-Include your social media info on publication staff shirts. 

-Pass out flyers or business cards, which may have been printed by https://www.printron.com/our-flexographic-plating-mounting/, at games with info on your account. 

-Share your Instagram posts to your other social media accounts when first starting. For there to be value in each of your social media accounts, they need to have at least 50% unique content in each. Keep that in mind when sharing out your Instagram on other platforms. Especially in the beginning, your existing follower base needs to connect to your Instagram as well. 

-When you create a post about a specific group on campus, email or text teachers and friends to let them know it is up. Tagging them in the post is great, too, but one-to-one contact is a more direct way to get people to view your account. 

How will you design posts that need design?

Most posts are photography based, but not all. Some posts are text-based or graphics-based, and you need to have a plan in place for these. 

First, they need to follow the colors and fonts that you first outlined in your marketing brand package. Second, they need to look professional. Remember, if we want people to take us seriously, we need to look serious. That doesn’t mean we need to look boring or too mature, but we do need to include a thoughtful, professional looking design that builds into our brand.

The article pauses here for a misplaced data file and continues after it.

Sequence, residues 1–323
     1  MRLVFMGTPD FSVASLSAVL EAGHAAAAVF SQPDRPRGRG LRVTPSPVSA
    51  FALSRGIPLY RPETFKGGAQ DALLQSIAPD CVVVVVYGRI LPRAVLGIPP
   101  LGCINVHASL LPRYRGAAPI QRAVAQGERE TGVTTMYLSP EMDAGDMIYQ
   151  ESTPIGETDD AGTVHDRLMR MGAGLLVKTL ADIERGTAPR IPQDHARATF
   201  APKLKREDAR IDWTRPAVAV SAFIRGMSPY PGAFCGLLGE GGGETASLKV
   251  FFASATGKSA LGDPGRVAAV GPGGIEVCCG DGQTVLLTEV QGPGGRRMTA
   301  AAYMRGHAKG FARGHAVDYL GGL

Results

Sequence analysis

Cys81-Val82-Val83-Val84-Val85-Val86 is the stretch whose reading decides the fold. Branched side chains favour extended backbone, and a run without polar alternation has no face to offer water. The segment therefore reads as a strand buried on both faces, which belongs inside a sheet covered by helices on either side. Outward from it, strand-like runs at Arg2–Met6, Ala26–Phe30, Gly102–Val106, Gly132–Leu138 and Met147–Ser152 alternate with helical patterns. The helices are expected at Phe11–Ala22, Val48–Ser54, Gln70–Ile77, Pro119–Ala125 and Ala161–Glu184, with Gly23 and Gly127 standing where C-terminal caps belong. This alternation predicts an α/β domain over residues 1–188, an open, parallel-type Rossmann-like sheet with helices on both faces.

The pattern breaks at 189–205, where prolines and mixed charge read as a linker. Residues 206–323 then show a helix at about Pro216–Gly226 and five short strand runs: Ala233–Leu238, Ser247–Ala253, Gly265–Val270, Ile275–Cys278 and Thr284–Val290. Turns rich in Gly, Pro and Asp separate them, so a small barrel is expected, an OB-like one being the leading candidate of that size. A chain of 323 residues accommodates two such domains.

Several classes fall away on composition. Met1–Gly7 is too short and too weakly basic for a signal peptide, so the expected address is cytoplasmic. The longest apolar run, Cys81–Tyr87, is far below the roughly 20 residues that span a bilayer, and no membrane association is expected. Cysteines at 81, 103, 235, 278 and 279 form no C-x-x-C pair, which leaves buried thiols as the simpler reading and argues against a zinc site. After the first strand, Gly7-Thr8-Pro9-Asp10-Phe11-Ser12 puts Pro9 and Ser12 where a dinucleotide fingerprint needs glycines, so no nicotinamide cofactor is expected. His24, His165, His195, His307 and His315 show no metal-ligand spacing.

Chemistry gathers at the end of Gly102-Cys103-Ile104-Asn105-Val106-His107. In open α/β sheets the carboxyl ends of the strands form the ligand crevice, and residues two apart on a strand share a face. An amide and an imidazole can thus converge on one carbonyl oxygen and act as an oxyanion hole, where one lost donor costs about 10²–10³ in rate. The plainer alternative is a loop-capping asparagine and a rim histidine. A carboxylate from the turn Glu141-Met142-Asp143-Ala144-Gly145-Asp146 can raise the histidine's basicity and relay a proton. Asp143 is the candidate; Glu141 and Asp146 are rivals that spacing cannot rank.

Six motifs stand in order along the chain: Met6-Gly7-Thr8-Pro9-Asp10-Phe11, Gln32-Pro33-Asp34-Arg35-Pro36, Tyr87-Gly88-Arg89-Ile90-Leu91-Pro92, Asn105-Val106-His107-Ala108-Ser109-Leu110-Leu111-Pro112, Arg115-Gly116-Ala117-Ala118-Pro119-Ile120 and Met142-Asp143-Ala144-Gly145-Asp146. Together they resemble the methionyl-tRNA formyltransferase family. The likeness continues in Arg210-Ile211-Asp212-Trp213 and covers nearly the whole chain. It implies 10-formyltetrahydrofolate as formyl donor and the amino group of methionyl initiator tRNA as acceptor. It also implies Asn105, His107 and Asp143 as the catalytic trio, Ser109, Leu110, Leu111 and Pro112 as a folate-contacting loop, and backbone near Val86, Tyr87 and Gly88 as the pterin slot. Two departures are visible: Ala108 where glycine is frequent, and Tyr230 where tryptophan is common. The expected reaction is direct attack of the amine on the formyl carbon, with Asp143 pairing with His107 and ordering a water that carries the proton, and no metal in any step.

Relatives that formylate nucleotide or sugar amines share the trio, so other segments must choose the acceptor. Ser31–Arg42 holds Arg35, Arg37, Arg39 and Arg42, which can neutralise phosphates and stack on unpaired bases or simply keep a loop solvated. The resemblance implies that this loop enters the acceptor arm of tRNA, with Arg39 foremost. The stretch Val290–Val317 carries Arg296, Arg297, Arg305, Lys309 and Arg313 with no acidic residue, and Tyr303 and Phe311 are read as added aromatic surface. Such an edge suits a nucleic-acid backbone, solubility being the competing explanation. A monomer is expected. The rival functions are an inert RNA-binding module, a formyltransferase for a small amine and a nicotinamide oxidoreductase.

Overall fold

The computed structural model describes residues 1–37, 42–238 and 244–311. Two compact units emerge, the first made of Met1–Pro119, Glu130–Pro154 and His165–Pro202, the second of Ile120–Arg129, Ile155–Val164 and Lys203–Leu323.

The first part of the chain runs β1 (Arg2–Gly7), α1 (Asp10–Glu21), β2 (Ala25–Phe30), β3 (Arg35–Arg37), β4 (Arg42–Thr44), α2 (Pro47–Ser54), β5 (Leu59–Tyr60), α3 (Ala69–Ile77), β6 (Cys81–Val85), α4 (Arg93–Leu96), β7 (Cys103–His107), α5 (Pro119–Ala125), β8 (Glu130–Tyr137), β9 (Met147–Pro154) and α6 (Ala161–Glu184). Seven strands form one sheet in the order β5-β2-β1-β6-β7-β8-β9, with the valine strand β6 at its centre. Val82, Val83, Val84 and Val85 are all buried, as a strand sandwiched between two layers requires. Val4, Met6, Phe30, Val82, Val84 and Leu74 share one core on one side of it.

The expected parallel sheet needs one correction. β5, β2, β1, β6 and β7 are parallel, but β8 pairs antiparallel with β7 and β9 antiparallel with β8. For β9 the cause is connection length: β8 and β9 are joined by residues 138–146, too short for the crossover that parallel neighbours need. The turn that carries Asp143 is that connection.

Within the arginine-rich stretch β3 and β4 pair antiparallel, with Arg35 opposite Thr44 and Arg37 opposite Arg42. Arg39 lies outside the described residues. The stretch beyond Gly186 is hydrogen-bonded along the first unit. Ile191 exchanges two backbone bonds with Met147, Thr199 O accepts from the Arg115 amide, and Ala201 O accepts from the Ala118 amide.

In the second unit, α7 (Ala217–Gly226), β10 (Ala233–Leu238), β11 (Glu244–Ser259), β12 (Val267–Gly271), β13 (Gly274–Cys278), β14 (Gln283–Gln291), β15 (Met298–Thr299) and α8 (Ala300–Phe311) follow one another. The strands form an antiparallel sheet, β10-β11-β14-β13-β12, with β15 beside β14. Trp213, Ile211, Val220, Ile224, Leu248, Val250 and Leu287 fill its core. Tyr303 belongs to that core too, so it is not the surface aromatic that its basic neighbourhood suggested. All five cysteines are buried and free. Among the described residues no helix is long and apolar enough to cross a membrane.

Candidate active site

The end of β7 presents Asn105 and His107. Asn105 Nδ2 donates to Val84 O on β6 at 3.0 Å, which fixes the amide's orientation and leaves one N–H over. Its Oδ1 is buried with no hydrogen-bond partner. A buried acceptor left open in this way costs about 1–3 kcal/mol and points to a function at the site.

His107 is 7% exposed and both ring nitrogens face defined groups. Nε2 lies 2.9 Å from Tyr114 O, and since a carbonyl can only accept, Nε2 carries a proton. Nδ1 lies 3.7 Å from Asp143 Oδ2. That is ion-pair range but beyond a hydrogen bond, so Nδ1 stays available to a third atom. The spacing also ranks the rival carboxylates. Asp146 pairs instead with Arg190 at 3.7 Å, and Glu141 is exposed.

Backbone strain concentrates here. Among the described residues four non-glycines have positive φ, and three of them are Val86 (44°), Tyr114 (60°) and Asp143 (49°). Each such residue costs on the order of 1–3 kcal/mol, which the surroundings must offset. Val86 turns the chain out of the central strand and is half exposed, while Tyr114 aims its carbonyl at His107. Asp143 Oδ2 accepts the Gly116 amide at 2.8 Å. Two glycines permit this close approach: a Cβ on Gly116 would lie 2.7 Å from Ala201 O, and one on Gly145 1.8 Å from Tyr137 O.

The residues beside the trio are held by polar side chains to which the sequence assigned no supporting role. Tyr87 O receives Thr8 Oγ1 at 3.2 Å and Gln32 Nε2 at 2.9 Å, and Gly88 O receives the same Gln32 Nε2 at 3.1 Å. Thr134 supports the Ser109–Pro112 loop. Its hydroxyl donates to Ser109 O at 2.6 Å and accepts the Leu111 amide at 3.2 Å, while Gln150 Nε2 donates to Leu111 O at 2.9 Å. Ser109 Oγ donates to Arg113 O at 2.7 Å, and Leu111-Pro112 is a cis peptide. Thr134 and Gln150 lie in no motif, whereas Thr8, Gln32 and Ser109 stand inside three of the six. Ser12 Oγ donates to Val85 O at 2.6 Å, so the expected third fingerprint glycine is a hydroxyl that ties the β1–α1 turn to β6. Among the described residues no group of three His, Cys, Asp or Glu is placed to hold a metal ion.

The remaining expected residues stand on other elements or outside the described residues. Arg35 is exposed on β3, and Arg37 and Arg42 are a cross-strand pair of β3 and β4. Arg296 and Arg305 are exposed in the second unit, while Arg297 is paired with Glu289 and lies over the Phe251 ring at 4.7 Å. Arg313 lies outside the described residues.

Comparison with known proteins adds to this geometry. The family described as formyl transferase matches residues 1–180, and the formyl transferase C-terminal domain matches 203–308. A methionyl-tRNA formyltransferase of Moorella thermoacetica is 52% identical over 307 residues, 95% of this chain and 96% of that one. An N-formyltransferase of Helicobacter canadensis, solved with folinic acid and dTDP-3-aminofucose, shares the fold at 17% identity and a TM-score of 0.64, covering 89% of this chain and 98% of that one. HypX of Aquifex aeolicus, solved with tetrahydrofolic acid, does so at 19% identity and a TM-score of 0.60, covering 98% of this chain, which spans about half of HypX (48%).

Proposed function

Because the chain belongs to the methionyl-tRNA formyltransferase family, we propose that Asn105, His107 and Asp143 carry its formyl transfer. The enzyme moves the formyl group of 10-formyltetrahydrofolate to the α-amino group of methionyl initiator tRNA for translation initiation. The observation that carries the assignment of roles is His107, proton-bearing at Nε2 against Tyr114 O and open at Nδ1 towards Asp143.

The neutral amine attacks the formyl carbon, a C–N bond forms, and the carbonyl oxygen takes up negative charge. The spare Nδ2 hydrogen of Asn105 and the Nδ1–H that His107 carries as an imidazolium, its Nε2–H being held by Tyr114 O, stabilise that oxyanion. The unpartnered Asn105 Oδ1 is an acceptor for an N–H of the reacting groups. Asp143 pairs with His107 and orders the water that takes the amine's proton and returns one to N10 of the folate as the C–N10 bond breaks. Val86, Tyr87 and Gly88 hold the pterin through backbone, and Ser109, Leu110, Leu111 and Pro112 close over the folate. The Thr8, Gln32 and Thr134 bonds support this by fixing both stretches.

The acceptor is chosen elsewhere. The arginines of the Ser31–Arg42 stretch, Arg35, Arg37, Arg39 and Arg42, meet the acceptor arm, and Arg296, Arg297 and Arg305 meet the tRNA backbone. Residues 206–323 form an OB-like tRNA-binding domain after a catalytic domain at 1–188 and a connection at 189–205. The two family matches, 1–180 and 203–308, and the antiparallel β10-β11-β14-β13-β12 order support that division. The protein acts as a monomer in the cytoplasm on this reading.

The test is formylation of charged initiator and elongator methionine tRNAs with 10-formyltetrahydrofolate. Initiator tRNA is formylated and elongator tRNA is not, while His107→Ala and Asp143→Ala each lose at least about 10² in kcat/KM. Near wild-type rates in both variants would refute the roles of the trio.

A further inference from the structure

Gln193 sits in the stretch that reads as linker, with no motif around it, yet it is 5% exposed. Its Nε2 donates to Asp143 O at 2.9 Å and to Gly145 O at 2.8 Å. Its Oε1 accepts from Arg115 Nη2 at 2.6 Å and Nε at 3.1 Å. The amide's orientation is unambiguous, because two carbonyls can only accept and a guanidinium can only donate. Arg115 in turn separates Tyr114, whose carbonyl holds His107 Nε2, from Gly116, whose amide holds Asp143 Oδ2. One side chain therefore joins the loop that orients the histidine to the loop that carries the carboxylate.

Reflect on your staff’s strengths. Is design one of them? Great! Put some templates together in Photoshop or InDesign based on the post types list so you’re not trying to design these posts in a single class period. Look through the example accounts for ideas on these, as well. 

Is design not a strength for your staff? That’s fine, too. We’re lucky to live in a time where there are resources for creating well-designed products. Adobe Spark Post and Canva both offer ways to build graphics online. Figure out what works best for you.

In either case, consistency to your brand and high-quality design matters here.